Heritage designation a chance to cash in on our empty ground

October 23, 2005|By Tim Rowland

A key to Gen. Robert E. Lee's success was his preoccupation with the ground. At Antietam, where nothing else was to his advantage and the Potomac was to his back with only one nearby ford, his strategic choice of ground - along with a little help from A.P. Hill, saved what should have been a Union rout.

High or low, open or wooded, Lee was keenly aware of the value of property.

Today, the life-and-death aspects of land choices are fortunately reduced, although the debate remains hot. I can only imagine that developers, seeing as how it's their job, must look out over an unoccupied piece of ground and think, "What a waste."

With development comes profit, commerce and tax revenues. If you're selling a product locally, that means there will be more people to buy it. If you own a company it offers a greater potential work force from which to draw. It's all part of the economic machine that makes America work.


Would an empty field have all that value, or indeed, any value at all? New reports say yes. It may even have more.

Quoted in the Washington Post this month, Jim Lighthizer, president of the Civil War Preservation Trust, pointed to a report that indicates battlefields can be just as stimulating, economically speaking, as houses and shopping centers.

All three Tri-State jurisdictions are wrestling with Civil War-related issues at the moment. Outside of Shepherdstown, W.Va., there's a push for new National Park land on the same land where a housing development has also been proposed. In Gettysburg, Pa., there's a proposal for a casino to be situated a mere minie-ball's shot from the historic battlefield. In Hagerstown, there's once again talk of a Civil War museum downtown, to try to draw some of the thousands of visitors to Antietam into the city.

And now, to up the ante, comes the proposal to elevate several towns - including Hagerstown, Boonsboro and Williamsport - to the status of a "Heart of the Civil War Heritage Area." If all goes as proposed, the towns would become eligible for state grants, loans and tax credits to encourage more tourist-friendly confines featuring more restaurants, shops and showier streetscapes.

Tying in with Lightizer's point, our area is a candidate for such largesse because it has remained rural. And rural has value.

Specifically, the Heart of the Civil War report states, "this region along the border between North and South possesses a degree of landscape integrity that is exceptional among Civil War sites around the country. The visitor who wants to understand what it was like when the armies faced each other can do so here in a setting that remains largely rural and relatively intact, unlike many other Civil War battlefields where modern development patterns have obscured the experience."

You can say that much of this "integrity" is accidental integrity because we're further from the cities and have never had to withstand the bombardment of sprawl as, say Manassas has had to cope with. But the point remains, we still have a chance to preserve, and profit from, our open fields.

In this respect, it can be argued that the county's farmers contribute more to the local economy than the sum value of their farm products. This puts compensation for farmland preservation in a new light, and should make local governments more willing to spend more on compensation for farmers.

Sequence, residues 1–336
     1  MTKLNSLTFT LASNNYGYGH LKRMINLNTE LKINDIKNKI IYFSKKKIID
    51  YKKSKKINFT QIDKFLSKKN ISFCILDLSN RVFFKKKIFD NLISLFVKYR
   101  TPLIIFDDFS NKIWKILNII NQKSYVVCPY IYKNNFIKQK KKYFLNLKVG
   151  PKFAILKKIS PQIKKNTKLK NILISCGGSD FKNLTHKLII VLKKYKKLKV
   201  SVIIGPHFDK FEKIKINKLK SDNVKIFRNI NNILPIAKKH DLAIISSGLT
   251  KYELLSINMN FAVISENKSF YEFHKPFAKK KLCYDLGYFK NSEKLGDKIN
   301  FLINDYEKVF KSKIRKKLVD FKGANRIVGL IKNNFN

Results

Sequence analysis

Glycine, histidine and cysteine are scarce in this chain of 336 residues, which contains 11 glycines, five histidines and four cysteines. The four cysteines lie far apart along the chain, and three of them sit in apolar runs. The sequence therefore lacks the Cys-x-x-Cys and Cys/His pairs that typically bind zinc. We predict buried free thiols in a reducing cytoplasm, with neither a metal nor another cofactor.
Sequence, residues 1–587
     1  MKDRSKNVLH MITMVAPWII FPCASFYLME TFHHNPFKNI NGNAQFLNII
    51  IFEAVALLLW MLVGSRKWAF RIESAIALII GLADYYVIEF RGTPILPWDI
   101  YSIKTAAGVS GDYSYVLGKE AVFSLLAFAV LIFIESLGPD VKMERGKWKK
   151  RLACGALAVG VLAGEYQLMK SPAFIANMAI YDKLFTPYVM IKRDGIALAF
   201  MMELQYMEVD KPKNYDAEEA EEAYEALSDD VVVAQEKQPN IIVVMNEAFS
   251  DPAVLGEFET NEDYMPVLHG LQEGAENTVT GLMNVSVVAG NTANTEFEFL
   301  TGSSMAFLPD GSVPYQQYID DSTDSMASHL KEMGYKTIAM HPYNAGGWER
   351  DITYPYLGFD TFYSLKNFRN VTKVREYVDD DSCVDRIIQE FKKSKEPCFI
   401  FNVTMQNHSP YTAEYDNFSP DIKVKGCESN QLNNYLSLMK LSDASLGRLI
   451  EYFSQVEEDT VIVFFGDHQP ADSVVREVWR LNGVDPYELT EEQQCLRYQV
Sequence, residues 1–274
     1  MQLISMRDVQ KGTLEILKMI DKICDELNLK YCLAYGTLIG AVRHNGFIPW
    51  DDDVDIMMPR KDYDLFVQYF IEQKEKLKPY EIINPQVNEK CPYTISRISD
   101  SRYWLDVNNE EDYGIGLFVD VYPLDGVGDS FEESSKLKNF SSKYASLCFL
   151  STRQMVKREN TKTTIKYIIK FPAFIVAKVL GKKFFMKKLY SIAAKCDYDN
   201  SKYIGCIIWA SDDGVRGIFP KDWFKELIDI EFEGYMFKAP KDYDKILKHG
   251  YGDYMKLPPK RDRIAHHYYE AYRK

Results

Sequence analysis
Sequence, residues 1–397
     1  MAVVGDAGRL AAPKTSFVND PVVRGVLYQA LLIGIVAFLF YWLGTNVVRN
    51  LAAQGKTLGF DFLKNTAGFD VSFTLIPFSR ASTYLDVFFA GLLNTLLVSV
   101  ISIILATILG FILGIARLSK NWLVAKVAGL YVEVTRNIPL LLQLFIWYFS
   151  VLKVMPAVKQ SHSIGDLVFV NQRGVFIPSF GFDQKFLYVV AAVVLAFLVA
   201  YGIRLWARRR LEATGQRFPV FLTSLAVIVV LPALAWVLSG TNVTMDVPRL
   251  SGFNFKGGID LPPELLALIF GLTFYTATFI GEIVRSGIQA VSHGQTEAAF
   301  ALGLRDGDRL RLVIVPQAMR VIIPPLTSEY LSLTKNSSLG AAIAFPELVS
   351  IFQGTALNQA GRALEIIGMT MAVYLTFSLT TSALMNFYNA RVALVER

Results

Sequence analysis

The Heart of the Civil War study projects that if the heritage area comes to pass, Washington, Frederick and Carroll counties would benefit to the tune of 65,000 new visitors and $9 million in new revenues. If the men and women who have struggled mightily to till the fields shun development have directly contributed to our "heritage" status, then it seems to me a share of tourism-generated revenues should go back to the farmers for preservation.

The report even notes that open lands are becoming more important in recruitment of companies, for which quality of life is becoming an ever higher priority. Open farmland as an economic development tool may seem paradoxical, but it makes sense in a county where plenty of people find green fields, reasonable housing costs and fresh air a salve worthy of a two-hour commute every day. Businesses will realize that employees put a premium on this lifestyle, and eventually they will follow.

Thankfully, the report is realistic about development: "Ensuring that visitors have an authentic and unique experience requires conserving the integrity of the heritage area's cultural landscape to the greatest degree possible while still accommodating regional growth."

Any viable stab at preservation will require compromise, and a respect for private property. We've learned that those who advocate zero-growth are doomed to fail, and stir up a lot of anger in the process.

But the underlying message of the report - our open lands are valuable and we need to think before we develop, not develop before we think. Clearly from the comprehensive scope of the report itself (this is not your father's consultant study) a tremendous amount of thought and effort is going into the Civil War heritage area. And apparently there's money to back it up.

It is gratifying that Washington County has been chosen as one of the heritage-area's keystones. But Hagerstown has often been slow to come to the party, spending agonizing amounts of time inspecting the gift-horse's maw. It should be the duty of every member of influence in the community to read the report and become involved, before this train of rural celebration leaves for some other station.

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